Beard tongue, also known by its botanical name penstemon, is among the top plants for use in perennial flower borders. It has an extended bloom period and excels in attracting hummingbirds.
Beard tongue is named because of the fuzz that grows in the mouth-like opening of the long tubular flowers. It's not the most appealing name, but the flowers are really lovely and elegant. The two-inch blossoms come in a wider range of colors than almost any other plant and are often flecked with interesting patterns of contrasting colors.
Growing anywhere from one to three feet tall and wide, depending on the variety, the plants are evergreen in mild winter climates but will sometimes die back to their roots in colder regions. Long, lanky stems grow in an upward-arching fashion from the base with the flowers appearing along the length of the stems as they grow.
Planting Beard Tounge
Beard tongue likes full sun and, other than the dwarf varieties, room to sprawl. It is very adaptable to soil type, other than boggy conditions. Penstemon is a North American native species and is often found growing in somewhat dry, infertile soils - meaning that it is not the sort of plant that needs to be pampered with the best garden soil, fertilizer or constant irrigation.
Plant beard tongue in fall or spring and give it a deep mulch to help conserve the moisture that is already in the ground. It will need weekly irrigation in its first year, but after that it will tolerate all but the most severe droughts.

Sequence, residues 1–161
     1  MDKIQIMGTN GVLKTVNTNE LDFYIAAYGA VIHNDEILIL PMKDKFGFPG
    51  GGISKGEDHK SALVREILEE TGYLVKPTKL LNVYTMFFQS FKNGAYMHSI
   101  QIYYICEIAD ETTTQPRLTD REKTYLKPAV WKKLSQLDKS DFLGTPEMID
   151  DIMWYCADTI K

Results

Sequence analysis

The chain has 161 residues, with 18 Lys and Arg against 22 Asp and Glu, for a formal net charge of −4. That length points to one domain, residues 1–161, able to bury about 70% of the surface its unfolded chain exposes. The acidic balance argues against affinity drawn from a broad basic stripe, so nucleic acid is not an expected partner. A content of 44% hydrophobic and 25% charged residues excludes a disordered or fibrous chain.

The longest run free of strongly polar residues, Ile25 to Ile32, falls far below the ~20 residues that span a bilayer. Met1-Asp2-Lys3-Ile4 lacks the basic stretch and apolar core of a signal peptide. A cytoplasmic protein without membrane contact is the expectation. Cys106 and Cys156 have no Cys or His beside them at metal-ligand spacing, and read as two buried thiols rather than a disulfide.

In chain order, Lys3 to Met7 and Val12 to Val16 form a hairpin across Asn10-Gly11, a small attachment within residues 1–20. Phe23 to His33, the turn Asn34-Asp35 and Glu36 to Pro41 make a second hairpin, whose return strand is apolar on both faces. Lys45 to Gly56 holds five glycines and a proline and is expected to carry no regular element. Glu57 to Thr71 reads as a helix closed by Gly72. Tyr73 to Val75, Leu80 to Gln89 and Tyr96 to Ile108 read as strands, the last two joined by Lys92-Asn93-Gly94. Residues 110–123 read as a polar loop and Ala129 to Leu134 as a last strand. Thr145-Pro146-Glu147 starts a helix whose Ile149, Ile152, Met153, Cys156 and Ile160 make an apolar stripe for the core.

Penstemon flowers for two months or more of its own accord, but it will be helped by the removal of the spent flower stalks. Once it's done flowering in late fall, cut all the stalks back by about 50 percent to generate compact growth and abundant flowering in the following year.
Beard tongue is rarely bothered by pests and diseases, but it is not a long-lived plant. If it starts looking diseased after its third or fourth year, this can be taken as a sign of natural decline and an opportunity to replace the plant.
Powdery mildew and snails occasionally show up on penstemon plants, though both are a sign that it is being over watered or that the soil is poorly drained. On the whole penstemon does best in the drier climates of the West, but it is worth growing the East - it's just a bit more finicky in humid climates.
Penstemon has been bred into hundreds of distinct cultivars. A few of the best include:
- Electric Blue is as vividly blue as the name suggests and grows to only 18 inches in height.
- Husker Red grows to about 30 inches in height with pinkish-white flowers and unusual maroon-colored leaves.
- Firecracker is one of the brightest, boldest varieties, growing three feet tall with large orange-red blossoms.
- Raven has deep purple blossoms with a white throat and grows to about three feet.